A.Mary Selvam

*Indian Institute of Tropical Meteorology,
Pune, India*

(Retired) email: selvam@ip.eth.net

website: http://www.geocities.com/amselvam

*Applied Mathematical Modelling , 1993,
Vol.17, 642-649*

Abstract

*A cell dynamical system model for deterministic
chaos enables precise quantification of the round-off error growth,i.e.,
deterministic chaos in digital computer realizations of mathematical models
of continuum dynamical systems. The model predicts the following: (a) The
phase space trajectory (strange attractor) when resolved as a function
of the computer accuracy has intrinsic logarithmic spiral curvature with
the quasiperiodic Penrose tiling pattern for the internal structure. (b)
The universal constant for deterministic chaos is identified as the steady-state
fractional round-off error k for each computational step and is
equal to 1 / t
^{2} ( =0.382) where
t
is the golden mean. k being
less than half accounts for the fractal(broken) Euclidean geometry of the
strange attactor. (c) The Feigenbaum's universal constants a and
d
are functions of k and, further, the expression 2a^{2}
= p
d quantifies the steady-state ordered
emergence of the fractal geometry of the strange attractor. (d) The power
spectra of chaotic dynamical systems follow the universal and unique inverse
power law form of the statistical normal distribution. The model prediction
of (d) is verified for the Lorenz attractor and for the computable chaotic
orbits of Bernoulli shifts, pseudorandom number generators, and cat maps.*

**Keywords:** deterministic chaos, strange
attractor, Penrose tiling pattern, cell dynamical system, universal algorithm
for chaos

**1. Introduction**

Nonlinear mathematical models of dynamical
systems are sensitively dependent on initial conditions, identified as
deterministic chaos. Such deterministic chaos was first identified nearly
a century ago by Poincare^{1} in his study of the three-body problem.
The advent of digital computers in the 1950s facilitated numerical solutions
of model dynamical systems, and in 1963 Lorenz^{2} identified sensitive
dependence on initial conditions in a simple mathematical model of atmospheric
flows. Deterministic chaos occurs in both continuum(differential equations)
and discrete (maps) systems. Deterministic chaos is now an area of intensive
research in all branches of science and other areas of human interest^{3}
. Ruelle and Takens^{4} identified deterministic chaos as similar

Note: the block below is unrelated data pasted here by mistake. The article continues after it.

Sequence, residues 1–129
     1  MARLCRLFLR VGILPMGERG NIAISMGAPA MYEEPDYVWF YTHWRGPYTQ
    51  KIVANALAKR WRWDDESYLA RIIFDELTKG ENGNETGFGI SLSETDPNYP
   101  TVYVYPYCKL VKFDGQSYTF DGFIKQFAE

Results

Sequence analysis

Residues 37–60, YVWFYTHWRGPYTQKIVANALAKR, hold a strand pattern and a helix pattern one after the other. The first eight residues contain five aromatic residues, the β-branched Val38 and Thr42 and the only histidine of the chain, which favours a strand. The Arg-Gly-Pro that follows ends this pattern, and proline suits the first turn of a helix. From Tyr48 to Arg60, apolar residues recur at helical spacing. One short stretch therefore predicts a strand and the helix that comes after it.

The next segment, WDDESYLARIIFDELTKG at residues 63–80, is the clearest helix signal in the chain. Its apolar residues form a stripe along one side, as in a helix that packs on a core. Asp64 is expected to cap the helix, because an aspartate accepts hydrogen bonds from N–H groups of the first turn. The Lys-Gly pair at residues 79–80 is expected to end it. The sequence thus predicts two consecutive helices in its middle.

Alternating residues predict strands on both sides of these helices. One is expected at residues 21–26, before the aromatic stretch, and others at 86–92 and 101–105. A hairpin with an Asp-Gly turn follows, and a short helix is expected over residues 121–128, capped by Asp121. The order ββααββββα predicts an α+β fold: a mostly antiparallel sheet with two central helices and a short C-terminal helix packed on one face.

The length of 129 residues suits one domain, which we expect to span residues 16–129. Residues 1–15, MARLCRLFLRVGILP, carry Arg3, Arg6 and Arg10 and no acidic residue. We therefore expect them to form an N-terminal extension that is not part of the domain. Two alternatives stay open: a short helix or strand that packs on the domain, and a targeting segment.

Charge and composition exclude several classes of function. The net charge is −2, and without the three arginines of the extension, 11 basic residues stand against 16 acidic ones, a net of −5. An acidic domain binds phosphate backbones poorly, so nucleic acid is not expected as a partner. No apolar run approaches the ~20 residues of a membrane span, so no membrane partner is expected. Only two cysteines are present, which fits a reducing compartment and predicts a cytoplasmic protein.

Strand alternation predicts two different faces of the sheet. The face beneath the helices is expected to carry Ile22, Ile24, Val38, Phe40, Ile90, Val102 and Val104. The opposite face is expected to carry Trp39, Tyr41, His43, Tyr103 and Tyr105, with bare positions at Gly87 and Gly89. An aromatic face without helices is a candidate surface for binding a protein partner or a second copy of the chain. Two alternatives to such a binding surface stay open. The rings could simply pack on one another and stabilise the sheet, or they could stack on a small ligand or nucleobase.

to turbulence in fluid flows; turbulence is as yet an unresolved problem.
It is well-known that deterministic chaos is a direct result of the following
inherent limitations of numerical solutions: (a) The differential equations
of traditional Newtonian continuum dynamics are solved as difference equations
introducing space-time discretizations with implicit assumption of subgrid
scale homogeneity for the dynamical processes. (b) Approximations in the
governing equations related to limitations of computer capacity. (c) Exact
number representation is not possible at the data input stage itself because
of the binary form for number representation in computer arithmetic^{5}
. (d) Computer-accuracy-related round-off errors magnify exponentially
with time the above-mentioned uncertainties and give solutions that are
not totally realistic^{6} . The trajectory of the dynamical system
in the phase space traces a strange attractor, so named because its strange
convoluted shape is the final destination of all possible trajectories.
Trajectories starting from two initially close points diverge exponentially
with time though still within the strange attractor domain. The strange
attractor has self-similar geometry. The word *fractal* first coined
by Mandelbrot^{7} means broken or fractured structure. The fractal
dimension *D* of such non-Euclidean structure is given by the relation
*D*
= *d* ln *M*/*d *ln *R* where *M *is the mass
contained within a distance *R* from a point within the fractal object.
A constant value for *D* indicates uniform distribution of mass with
distance on a logarithmic scale for the length scale *R*. Objects
in nature in general possess a multifractal dimension^{8} . Self-similarity
implies identical internal structure at all scales of magnification. The
temporal fluctuations of dynamical systems have been investigated extensively
and are found to exhibit a broad-band power spectrum^{9} . The
physics of deterministic chaos is not as yet identified. In this paper,
a cell dynamical system model for the growth of strange attractor pattern
of deterministic chaos in dynamical systems is described by analogy with
the formation of large eddy structures as envelopes enclosing turbulent
eddies in fluid flows^{10,11} .

**2. Computer accuracy
and round-off error**

Round-off error is inherent to finite precision
numerical computations and imposes a limit *dR* to the resolution
with which two quantities *R* + *dR* can be distinguished as
separate, thereby introducing an uncertainty in computation equal to *dR*
in magnitude. Computer precision *dR* is therefore analogous to yardstick
length used in the measurement of distance of separation between two points.
Two points cannot be distinguished as separate if they are closer together